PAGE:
Lynne Ramsay

film 4 of 4


Film Review by Mar 26, 2015

The early shorts reveal that Lynne Ramsay was a full-fledged stylist before making this debut feature. But encountering her in this new setting, the viewer is immediately struck: what a full-fledged stylist! Very good with actors too, as well as narrative structure and trajectory. It goes without saying that she’s/they’ve got the milieu down, the individuality and the collectivity and the impossibility of bad old Glasgow. There are authentic details all over the place, many of them pretty dire. (The little boy’s death is, in it’s own way, as horribly heart rending as Elsie Beckmann/M’s.) But this is not just nihilism—we have some psychological and institutional complexity (like the remarkable marital and family dynamic, at once so very dysfunctional and so sweetly sufficient), even some cheerful grace notes to relieve the prospect. That dear, savage accent! At the end their dreams come true, impossibly and more than a bit plausibly.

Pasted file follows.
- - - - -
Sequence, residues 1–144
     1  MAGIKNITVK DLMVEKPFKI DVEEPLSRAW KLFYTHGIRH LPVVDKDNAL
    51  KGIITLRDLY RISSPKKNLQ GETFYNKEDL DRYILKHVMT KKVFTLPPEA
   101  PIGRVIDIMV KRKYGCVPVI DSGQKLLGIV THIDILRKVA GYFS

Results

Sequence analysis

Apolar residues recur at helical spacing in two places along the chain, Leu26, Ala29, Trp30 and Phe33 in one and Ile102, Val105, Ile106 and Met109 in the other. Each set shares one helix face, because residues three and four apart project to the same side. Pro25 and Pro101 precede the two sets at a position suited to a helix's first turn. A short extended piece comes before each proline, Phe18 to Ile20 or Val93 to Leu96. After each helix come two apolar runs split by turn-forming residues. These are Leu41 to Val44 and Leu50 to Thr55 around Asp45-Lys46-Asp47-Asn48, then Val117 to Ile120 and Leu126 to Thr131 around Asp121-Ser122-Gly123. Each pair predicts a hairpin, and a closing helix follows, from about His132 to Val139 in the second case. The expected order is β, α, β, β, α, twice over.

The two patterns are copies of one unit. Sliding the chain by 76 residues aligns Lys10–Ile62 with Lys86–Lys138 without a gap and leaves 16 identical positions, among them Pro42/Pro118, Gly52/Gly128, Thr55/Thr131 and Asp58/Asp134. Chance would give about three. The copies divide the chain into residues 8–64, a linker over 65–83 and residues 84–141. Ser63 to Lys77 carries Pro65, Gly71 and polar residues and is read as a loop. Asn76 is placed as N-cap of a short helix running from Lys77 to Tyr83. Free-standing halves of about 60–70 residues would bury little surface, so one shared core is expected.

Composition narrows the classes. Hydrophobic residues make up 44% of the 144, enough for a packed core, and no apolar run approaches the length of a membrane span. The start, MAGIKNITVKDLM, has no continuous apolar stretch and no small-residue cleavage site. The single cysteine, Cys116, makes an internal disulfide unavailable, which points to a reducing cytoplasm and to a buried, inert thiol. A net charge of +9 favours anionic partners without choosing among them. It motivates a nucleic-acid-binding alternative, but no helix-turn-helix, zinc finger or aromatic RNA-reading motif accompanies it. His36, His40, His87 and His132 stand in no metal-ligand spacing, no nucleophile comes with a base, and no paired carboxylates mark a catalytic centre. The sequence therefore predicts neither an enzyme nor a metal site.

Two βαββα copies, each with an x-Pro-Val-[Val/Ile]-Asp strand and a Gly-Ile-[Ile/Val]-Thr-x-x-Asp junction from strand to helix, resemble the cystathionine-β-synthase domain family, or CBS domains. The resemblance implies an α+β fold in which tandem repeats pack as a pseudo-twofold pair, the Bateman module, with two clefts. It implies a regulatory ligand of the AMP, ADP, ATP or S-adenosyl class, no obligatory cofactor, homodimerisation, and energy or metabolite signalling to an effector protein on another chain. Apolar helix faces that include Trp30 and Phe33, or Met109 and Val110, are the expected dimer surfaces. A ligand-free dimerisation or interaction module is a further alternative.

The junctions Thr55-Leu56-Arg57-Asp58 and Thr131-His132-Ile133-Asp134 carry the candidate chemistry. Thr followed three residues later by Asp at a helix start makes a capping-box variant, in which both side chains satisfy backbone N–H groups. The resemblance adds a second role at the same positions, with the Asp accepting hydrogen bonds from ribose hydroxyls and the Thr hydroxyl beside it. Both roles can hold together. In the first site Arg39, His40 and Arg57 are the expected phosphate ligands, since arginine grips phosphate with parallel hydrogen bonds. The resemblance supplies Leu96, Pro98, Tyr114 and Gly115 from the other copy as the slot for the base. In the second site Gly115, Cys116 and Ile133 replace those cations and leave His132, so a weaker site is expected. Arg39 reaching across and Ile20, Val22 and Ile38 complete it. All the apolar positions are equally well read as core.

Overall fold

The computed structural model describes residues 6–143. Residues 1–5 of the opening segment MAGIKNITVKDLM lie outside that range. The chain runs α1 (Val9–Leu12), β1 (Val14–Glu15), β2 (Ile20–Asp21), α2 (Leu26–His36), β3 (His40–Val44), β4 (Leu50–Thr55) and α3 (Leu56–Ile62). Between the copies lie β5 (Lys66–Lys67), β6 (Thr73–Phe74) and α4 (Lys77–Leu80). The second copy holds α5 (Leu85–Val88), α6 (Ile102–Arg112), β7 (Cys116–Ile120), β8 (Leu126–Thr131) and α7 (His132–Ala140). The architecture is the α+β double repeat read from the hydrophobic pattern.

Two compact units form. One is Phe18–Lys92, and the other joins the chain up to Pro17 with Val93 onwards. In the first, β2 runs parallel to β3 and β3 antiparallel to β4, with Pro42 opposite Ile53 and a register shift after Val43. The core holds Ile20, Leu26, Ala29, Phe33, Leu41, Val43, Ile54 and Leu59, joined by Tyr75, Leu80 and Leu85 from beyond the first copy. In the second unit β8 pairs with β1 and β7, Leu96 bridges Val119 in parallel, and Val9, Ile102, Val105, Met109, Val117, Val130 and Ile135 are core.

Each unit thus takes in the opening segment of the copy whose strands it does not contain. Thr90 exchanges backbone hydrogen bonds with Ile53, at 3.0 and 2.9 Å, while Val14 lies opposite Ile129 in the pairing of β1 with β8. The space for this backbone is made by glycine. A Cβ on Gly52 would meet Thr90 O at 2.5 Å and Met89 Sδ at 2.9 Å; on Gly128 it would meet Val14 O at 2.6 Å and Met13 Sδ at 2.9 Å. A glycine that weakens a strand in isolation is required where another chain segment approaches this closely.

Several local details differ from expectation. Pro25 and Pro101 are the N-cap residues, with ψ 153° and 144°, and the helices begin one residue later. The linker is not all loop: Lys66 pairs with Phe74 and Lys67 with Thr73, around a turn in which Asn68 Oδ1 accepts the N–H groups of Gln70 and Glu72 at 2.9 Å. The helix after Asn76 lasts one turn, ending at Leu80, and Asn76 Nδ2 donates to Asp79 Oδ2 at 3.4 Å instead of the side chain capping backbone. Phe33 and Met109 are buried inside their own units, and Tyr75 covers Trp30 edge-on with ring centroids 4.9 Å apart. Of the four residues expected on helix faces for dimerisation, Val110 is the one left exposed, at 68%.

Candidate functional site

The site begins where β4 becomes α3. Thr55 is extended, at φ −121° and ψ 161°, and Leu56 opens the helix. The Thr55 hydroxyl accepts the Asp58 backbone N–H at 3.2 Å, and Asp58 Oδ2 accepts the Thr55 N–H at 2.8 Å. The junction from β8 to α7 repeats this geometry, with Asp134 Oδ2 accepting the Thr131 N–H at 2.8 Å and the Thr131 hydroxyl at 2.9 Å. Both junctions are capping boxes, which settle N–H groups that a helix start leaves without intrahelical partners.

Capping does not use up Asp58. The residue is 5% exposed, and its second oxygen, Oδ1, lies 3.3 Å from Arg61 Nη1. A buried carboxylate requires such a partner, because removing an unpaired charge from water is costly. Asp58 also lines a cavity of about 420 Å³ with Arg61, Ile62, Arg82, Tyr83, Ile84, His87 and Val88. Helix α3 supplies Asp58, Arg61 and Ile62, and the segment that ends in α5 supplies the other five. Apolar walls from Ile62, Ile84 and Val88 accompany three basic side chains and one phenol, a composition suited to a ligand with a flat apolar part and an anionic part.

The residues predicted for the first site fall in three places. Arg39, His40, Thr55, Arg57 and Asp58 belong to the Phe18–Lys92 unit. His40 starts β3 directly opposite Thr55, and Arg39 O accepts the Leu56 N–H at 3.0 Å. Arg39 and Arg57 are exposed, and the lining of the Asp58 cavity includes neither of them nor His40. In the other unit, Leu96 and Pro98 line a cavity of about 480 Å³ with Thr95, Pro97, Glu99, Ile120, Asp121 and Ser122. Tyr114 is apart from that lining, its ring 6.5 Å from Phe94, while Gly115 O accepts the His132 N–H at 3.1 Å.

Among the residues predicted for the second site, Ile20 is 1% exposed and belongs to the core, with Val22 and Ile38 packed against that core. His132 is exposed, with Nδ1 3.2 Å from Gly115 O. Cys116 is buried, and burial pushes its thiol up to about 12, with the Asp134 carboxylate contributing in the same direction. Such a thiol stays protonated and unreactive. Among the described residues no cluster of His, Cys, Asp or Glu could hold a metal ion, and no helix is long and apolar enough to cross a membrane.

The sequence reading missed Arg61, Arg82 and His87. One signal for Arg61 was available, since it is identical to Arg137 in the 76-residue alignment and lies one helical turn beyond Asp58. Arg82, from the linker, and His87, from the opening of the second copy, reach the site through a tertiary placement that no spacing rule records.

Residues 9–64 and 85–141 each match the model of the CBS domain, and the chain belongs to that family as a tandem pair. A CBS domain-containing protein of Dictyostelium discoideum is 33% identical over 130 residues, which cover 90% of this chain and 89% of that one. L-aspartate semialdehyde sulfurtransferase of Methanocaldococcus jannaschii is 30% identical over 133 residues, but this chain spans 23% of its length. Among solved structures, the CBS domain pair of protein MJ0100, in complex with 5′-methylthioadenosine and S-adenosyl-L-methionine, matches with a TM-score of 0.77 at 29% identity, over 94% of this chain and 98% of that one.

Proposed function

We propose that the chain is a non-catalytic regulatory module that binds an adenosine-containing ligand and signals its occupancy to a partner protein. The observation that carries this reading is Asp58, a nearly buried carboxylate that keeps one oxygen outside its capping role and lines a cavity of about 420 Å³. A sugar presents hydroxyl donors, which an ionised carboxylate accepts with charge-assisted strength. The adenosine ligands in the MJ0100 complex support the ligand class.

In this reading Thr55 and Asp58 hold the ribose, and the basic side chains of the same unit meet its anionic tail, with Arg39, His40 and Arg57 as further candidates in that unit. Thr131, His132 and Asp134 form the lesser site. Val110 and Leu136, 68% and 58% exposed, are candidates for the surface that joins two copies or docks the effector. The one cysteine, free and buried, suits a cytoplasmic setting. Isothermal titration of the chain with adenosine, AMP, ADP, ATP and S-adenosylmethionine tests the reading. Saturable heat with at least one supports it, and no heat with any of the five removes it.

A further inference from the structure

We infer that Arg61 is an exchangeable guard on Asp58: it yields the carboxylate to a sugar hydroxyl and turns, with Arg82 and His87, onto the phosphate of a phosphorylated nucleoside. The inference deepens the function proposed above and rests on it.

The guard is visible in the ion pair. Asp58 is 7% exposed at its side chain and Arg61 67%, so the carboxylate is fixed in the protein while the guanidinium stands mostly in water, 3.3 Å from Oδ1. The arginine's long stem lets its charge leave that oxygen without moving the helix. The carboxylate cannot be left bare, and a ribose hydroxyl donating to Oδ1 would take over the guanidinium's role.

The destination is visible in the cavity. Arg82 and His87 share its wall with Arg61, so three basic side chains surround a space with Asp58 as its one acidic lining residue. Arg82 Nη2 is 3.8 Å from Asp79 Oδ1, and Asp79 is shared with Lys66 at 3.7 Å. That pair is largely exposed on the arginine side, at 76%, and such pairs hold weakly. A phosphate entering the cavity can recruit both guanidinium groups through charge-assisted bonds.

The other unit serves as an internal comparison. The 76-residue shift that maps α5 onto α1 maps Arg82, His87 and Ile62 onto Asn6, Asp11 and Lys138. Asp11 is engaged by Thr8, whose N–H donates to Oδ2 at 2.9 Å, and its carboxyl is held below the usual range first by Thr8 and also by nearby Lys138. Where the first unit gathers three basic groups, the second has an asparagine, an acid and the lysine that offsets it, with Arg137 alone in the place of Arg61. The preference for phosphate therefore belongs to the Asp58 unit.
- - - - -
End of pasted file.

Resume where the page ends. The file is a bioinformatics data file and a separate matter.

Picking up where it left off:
On the other hand: may I point out that teen sexuality, not to mention teen sexual brutality, are valid subjects to explore. But when actual teens, especially very young ones, are enlisted to act out the various issues and ideas, then exploration may become exploitation, and even corruption. The enactment of intimacy is always, to some degree, a documentation of intimacy. A text is thereby created, but what of the context that roots and protects this profound and delicate thing? Full-fledged style is a very excellent thing, but it can never be the only thing.